With the advent of high-resolution methods to predict hydraulic fracture geometry and subsequent production forecasting, characterization of productive shale volume and evaluating completion design economics through science-based forward modeling becomes possible. However, operationalizing a simulation-based workflow to optimize design to keep up with the field operation schedule remains the biggest challenge owing to the slow model-to-design turnaround cycle. The objective of this project is to apply the ensemble learning-based model concept to this issue and, for the purpose of completion design, we summarize the numerical-model-centric unconventional workflow as a process that ultimately models production from a well pad (of multiple horizontal laterals) as a function of completion design parameters. After the development and validation and analysis of the surrogate model is completed, the model can be used in the predictive mode to respond to the "what if" questions that are raised by the reservoir/completion management team.
Based on historical production data, decline curve analysis (DCA) can be used to monitor production, identify potential problems, and predict well performance, life, and economics. Optimized production history matching is crucial to economic analysis on future operations and decision making. The widely used decline models such as Arps rate-time relations and their variations are based on fitting predefined equations and often times do not work for shale gas and oil wells since most of the production data from these wells exhibit fracture-dominated flow regimes and rarely reach late-time-flow regimes. This approach can mislead the trend of the decline curves and produce poor matches and unreliable production forecasts. A suitable data-driven model combining physical or operating parameters can be greatly beneficial and serve as the basis for decline analysis and prediction.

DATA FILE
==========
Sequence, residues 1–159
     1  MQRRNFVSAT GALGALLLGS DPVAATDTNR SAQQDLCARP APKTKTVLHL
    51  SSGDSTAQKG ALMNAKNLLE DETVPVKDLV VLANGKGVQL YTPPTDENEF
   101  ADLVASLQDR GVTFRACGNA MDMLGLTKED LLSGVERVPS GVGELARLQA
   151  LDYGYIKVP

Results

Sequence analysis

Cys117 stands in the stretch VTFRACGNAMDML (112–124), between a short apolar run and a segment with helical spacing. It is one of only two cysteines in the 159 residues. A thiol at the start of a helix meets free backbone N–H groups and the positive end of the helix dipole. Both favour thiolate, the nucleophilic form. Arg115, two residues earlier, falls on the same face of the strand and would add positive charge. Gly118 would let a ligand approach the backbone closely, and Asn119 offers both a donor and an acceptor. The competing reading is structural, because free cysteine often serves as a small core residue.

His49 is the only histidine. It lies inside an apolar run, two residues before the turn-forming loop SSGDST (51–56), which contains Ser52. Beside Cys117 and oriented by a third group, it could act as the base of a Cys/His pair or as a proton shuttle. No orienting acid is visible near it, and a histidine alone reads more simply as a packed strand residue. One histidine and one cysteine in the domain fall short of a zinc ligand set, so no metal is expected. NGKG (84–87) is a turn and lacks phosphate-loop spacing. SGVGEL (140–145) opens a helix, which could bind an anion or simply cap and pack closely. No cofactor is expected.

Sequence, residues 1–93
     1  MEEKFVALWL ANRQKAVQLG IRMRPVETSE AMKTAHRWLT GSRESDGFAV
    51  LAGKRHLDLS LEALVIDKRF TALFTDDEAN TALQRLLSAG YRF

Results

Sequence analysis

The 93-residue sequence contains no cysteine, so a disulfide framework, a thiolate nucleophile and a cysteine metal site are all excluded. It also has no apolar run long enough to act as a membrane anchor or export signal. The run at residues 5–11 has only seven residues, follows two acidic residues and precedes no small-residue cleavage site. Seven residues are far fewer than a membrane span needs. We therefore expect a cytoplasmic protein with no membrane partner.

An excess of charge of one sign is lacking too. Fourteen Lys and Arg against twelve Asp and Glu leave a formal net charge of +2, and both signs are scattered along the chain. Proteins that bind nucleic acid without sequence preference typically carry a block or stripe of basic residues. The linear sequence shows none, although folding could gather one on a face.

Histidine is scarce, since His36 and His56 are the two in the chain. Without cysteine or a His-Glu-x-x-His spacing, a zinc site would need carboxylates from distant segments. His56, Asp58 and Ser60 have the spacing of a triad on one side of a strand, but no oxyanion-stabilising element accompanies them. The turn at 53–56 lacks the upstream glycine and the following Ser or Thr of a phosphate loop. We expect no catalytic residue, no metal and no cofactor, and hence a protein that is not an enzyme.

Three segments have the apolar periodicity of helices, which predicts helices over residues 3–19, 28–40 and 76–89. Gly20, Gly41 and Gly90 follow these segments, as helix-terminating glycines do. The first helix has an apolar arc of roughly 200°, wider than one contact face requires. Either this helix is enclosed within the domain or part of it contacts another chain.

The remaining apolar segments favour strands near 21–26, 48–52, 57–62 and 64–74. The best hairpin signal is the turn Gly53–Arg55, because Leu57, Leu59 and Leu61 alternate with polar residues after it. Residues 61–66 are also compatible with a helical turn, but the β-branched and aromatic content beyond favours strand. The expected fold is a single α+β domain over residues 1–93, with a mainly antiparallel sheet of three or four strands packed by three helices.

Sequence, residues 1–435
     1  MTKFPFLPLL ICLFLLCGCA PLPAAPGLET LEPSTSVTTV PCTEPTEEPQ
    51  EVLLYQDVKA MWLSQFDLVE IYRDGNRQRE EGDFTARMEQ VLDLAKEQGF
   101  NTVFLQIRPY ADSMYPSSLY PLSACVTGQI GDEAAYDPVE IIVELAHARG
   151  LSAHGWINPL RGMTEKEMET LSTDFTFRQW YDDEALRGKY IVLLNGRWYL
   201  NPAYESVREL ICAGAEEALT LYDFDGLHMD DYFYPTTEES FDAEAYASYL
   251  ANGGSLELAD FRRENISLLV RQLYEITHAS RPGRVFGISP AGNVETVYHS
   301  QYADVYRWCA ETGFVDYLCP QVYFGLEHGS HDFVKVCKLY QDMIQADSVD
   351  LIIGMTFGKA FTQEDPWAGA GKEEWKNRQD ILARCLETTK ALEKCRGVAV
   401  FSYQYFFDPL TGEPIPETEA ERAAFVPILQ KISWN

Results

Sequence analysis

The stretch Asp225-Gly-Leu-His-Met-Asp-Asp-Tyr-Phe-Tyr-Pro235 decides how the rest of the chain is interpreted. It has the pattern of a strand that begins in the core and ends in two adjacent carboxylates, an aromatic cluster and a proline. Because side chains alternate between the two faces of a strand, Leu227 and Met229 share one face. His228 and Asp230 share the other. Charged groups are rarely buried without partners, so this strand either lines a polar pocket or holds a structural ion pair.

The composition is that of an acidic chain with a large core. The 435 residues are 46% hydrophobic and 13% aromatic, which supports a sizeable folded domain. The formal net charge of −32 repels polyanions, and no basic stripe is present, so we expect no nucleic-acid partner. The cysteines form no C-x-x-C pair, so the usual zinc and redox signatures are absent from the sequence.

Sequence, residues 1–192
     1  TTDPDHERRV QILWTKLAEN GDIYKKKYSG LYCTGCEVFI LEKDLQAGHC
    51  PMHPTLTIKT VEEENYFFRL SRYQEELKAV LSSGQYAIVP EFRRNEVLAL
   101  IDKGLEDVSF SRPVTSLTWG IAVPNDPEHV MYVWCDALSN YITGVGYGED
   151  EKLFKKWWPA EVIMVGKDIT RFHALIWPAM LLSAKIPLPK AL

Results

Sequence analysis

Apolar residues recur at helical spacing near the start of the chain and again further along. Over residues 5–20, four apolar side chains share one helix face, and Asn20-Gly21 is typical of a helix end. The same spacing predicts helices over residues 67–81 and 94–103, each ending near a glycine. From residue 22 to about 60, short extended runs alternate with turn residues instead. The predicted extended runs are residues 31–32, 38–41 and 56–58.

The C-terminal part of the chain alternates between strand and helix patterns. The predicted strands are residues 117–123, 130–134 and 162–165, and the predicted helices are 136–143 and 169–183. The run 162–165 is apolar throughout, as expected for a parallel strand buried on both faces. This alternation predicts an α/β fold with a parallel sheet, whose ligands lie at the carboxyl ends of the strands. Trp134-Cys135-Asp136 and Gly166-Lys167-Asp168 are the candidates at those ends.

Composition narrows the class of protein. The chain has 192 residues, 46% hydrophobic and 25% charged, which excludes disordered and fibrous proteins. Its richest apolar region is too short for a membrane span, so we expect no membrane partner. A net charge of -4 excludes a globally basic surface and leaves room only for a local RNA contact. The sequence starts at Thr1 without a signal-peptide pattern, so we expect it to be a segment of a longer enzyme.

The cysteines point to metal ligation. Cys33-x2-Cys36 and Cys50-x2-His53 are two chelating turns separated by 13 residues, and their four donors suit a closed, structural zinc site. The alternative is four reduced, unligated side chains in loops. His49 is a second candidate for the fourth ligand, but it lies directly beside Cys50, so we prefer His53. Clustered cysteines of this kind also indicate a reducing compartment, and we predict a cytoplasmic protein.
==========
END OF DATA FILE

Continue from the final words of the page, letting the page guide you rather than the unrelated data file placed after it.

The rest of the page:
This paper discusses a method for automatic history matching and decline analysis for shale production data based on machine learning, which can be effectively applied to production surveillance and process automation. This approach is based on time series (TS) analysis and neural networks (NNs), which was then extended to applications with operational parameters available, such as bottom-hole pressure (BHP). The proposed TS and NN models were applied to production data from a Barnett gas well. The historical production data was divided into two parts. The first part of the data is used to train the NN model, and the second part of the data is used to verify the accuracy of the prediction results from each input parameter. The results were analyzed and compared with classic Arps decline models.
This article, written by JPT Technology Editor Chris Carpenter, contains highlights of paper OTC 25699, “The Contribution From an Operator’s Global Subsea-Hardware- Standardization Program to 10,000-psi Subsea Hardware in Parque das Conchas (BC-10),” by Thiago Palmeira Freire de Carvalho and Luiz Olijnik, Shell, and Alan Labes, FMC Technologies, prepared for the 2015 Offshore Technology Conference, Houston, 4–7 May. The paper has not been peer reviewed.
The Parque das Conchas field in the Campos basin offshore Brazil is a phased ultradeepwater heavyoil development tied to the Espírito Santos floating, production, storage, and offloading (FPSO) vessel, moored at a water depth of 1780 m (Fig. 1). This paper addresses the standardized features applied to the 10,000-psi-rated subsea-system components at BC-10.